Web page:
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Threat Modelling

Threat Modelling

Presentation used to introduce new developers to threat modelling concepts and guide the threat modelling of a specific application.

andresriancho

January 09, 2019
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  1. Threat Modelling
    January 2019

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  2. Objectives
    ● Convince you that threat modelling is an important part of
    the SDLC
    ● Learn how to do threat modelling
    ● Apply threat modelling to a project and give the team the
    guidelines to apply it to any other project

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  3. /me
    ● Application and cloud security expert
    ● developer
    ● Open source evangelist
    ● w3af project leader
    ● Independent security consultant

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  4. Agenda
    ● Introduction
    ○ What is a threat model?
    ○ Why should we create a threat model?
    ○ When should it be done?
    ○ Who should do it?
    ● Core concepts and process
    ○ Data flow diagram
    ○ Process flow diagram
    ○ Threat agents
    ○ Attack tree
    ● Closing the circle
    ○ Identify mitigations and assign owners
    ○ Make sure mitigations are in place

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  5. What: Something you did many times
    ● Threat modeling is something you've already done
    hundreds of times, you just don't know the name for it
    ● Today we'll focus on improving what you've done by
    formalizing the process and practicing

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  6. What: Critical security thinking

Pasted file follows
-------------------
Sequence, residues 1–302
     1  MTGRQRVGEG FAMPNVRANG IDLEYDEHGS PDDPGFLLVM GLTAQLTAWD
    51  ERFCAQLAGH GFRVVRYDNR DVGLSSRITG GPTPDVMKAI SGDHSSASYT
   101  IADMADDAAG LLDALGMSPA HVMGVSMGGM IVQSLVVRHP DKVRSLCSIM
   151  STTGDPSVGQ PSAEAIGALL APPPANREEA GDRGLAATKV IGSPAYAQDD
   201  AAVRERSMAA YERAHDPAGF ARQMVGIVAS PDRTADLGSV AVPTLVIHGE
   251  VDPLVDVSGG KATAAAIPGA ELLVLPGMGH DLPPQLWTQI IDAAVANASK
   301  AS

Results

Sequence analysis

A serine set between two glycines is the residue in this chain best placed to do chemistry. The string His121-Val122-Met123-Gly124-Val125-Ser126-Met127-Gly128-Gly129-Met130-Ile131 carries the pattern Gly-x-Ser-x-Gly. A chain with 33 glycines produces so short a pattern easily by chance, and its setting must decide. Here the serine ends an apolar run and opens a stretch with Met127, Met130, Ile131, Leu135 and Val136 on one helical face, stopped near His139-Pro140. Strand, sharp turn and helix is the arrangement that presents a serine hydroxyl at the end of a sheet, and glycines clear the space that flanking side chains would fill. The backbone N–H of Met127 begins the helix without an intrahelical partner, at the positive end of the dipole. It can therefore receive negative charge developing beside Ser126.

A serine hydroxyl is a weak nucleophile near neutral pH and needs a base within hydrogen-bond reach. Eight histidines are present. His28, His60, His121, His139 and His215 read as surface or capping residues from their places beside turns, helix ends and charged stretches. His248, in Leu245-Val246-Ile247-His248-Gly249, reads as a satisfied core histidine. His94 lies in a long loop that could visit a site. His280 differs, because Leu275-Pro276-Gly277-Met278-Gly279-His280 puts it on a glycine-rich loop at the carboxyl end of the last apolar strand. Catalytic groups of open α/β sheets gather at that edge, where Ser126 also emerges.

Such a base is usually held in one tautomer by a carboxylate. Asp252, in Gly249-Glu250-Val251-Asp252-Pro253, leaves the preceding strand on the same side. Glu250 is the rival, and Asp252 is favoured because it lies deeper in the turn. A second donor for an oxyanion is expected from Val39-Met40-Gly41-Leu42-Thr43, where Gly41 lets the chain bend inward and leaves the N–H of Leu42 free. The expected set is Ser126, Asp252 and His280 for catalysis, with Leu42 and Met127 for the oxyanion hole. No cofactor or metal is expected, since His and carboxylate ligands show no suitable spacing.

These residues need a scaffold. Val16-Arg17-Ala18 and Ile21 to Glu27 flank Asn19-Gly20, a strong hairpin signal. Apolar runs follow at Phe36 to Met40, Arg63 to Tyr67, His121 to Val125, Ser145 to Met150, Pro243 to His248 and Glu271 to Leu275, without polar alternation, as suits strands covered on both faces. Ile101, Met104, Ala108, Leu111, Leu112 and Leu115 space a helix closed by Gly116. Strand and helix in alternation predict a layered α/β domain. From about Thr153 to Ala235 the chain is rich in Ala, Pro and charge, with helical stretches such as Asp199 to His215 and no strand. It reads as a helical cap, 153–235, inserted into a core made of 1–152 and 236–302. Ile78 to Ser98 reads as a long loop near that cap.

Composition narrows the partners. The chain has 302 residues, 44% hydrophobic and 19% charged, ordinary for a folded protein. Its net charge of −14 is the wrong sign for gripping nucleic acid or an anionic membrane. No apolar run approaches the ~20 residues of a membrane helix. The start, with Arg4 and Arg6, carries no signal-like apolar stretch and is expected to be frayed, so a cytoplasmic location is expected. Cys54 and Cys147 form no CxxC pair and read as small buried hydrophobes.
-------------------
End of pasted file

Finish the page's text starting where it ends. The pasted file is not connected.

● Threat modeling is a process by which potential threats,
    such as structural vulnerabilities can be identified,
    enumerated, and prioritized – all from a hypothetical
    attacker’s point of view
    ● Critical thinking about application security
    ● Guided application security brainstorming
    ● Not meant to identify implementation bugs such as SQL
    injection, Cross-Site Scripting, etc. There are other tools and
    processes which aim to uncover those.

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  7. Why: Identify issues in design phase
    ● Identify the application's security requirements during the
    design phase to create secure code later
    ● Helps identify security weaknesses in the application's
    architecture and use-cases
    ● Aims to reduce the number of security issues that will have
    to be fixed after the software is released
    ● Fixing things earlier in the SDLC is cheaper, both in effort
    and money. Use threat modelling when you want to work
    less and be more efficient.

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  8. When: Design phase
    ● In order to have the highest ROI the threat
    modelling process should be performed during the
    design phase.
    ● Threat modelling can be performed during any
    other phase (such as implementation) where
    issues will be found but they are already part of
    the code and will be harder to solve.

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  9. Who: Devs, security, QA, architects
    ● The three main actors in the threat modelling
    process are: developers, security experts and
    product owners.
    ● But the perspective of fraud departments, SOC
    (security operations center), customer service, and
    other areas is equally important.

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  10. Data flow diagram
    Data in transit and rest

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  11. Data flow diagram
    ● A data flow diagram (DFD) is a graphical representation of
    the flow of data through an information system
    ● We'll try to answer:
    ○ How does the application receive data?
    ○ Where does the application store data?
    ○ How does the application communicate with other
    APIs and databases? Is that communication
    encrypted?
    ○ Does the application communicate with third parties
    (not controlled by our company)?

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  12. Data flow diagram: Example

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  13. Data flow diagram: Example